“This is how we take ownership and responsibility as leaders,” he said.

One company-level officer told Military.com, on the condition of anonymity because they were not authorized to talk to the press, that his unit’s field time has been virtually nonstop for over a year and that he hasn’t been home for more than a few weeks at any point.

Soldiers and leadership across the Army have raised the alarm over an unmanageable cadence of missions and training, but those issues can be compounded in Alaska where the temperatures hit -65 degrees, causing the daily grind seen in other units to wear on soldiers more quickly.

“Have I seen [culture] issues? Yeah, and this needs stomped out … but the typical Army issues, they’re more intense here by nature of the environment,” one infantry platoon sergeant in the brigade told Military.com on the condition of anonymity to avoid retaliation.

“The training has become unmanageable,” the NCO said.

The brigade’s struggles with mission tempo are likely not unique to the 11th Airborne Division.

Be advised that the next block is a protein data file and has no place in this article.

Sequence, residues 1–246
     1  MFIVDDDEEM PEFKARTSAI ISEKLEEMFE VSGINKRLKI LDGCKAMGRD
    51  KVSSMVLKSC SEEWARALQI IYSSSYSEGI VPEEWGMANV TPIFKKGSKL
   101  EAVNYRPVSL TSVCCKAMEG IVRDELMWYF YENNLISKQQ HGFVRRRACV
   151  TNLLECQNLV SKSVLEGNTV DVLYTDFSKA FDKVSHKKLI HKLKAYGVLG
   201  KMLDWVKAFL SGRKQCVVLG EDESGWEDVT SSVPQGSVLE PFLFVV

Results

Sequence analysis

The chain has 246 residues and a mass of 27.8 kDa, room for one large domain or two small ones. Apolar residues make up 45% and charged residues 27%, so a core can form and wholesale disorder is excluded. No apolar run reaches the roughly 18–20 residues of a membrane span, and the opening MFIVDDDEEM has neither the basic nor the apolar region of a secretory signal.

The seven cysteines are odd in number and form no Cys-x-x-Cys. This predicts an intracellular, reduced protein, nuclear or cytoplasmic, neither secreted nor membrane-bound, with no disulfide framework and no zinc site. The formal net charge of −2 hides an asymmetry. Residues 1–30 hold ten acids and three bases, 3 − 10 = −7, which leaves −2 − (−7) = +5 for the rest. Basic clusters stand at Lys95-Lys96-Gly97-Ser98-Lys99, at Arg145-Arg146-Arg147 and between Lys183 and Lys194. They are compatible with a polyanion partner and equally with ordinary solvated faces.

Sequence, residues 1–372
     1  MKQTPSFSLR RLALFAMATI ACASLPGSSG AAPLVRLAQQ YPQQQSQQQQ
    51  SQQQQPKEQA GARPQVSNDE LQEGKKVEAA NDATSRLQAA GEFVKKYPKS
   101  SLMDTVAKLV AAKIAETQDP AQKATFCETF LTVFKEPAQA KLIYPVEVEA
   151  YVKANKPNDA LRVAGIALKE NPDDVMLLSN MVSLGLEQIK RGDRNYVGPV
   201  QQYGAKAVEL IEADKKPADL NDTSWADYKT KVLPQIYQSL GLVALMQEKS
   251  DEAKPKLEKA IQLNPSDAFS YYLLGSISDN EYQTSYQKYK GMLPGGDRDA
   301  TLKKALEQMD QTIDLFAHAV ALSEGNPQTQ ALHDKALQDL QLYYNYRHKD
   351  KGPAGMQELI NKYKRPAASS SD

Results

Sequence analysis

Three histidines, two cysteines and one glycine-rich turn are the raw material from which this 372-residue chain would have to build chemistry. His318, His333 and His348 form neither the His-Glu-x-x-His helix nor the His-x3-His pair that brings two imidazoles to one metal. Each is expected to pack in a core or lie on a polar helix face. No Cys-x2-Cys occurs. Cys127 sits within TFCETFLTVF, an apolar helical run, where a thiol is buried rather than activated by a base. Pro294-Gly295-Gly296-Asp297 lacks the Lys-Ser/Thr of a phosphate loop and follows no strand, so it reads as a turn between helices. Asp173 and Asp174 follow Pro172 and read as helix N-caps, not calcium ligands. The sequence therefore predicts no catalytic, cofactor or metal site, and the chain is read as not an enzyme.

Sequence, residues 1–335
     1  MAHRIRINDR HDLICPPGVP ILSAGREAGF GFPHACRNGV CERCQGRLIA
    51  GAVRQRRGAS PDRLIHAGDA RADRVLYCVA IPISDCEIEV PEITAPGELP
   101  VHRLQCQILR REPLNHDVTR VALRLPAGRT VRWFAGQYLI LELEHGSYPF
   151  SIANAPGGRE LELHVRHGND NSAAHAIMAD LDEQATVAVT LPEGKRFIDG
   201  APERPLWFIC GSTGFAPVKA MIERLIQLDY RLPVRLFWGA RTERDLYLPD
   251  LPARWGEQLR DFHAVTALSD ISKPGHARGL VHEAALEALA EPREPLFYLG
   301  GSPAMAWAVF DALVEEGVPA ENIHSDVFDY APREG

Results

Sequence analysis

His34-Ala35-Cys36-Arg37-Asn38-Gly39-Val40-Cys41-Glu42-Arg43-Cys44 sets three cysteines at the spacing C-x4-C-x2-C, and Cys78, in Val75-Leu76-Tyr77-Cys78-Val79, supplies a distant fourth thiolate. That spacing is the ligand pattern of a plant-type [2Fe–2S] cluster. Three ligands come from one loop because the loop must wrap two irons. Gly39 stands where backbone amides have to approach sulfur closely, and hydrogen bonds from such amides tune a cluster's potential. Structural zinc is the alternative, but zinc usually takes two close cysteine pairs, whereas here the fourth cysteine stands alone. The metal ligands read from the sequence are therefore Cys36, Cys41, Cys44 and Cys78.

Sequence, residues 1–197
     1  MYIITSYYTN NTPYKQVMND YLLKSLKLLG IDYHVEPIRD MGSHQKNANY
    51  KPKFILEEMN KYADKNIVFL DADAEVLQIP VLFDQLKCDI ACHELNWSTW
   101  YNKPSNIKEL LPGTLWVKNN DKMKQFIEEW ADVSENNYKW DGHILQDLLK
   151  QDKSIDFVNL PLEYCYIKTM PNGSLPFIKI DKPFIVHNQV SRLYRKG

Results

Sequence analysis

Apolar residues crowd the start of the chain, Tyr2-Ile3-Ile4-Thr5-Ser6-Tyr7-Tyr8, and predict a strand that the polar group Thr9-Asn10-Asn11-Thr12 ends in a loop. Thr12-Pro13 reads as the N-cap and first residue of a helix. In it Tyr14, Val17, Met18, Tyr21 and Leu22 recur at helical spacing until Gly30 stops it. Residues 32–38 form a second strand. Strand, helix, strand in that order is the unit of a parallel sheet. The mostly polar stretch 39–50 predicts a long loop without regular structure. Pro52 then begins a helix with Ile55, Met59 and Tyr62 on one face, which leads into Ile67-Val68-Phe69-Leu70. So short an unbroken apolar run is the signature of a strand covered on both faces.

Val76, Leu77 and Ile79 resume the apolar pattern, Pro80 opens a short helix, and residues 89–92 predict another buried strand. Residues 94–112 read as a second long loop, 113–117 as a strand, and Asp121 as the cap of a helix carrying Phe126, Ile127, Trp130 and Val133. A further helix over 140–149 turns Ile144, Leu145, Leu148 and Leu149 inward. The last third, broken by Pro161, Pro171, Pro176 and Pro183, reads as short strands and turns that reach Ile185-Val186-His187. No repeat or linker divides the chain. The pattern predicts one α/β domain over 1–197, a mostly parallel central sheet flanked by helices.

A Military.com review of internal service data in April showed roughly 120,000 soldiers were deployed abroad. For comparison, 187,900 troops, across all branches, were serving in Afghanistan and Iraq in 2008 when those two conflicts hit a crescendo.

And during the peak of the Global War on Terror, the Army was about 70,000 soldiers larger — meaning a smaller Army is taking on a mission burden rivaling that of the entire military in the late 2000s and early 2010s.

Those overseas missions are on top of time away from home when service members are back at their duty station, including attending schools critical for promotion, typical field training and Combat Training Center, or CTC, rotations.

For the 11th Airborne Division this year, both of its brigades have done prolonged training exercises in the field. They trained in Malaysia, Japan and Australia, as well as supported Reserve Officers’ Training Corps, or ROTC, in the lower 48 states.

— Steve Beynon can be reached at Steve.Beynon@military.com. Follow him on X @StevenBeynon.

Related: Breakdowns, Ripped Clothing and Dying Batteries: Army Commits to Arctic But Still Figuring Out What Soldiers Need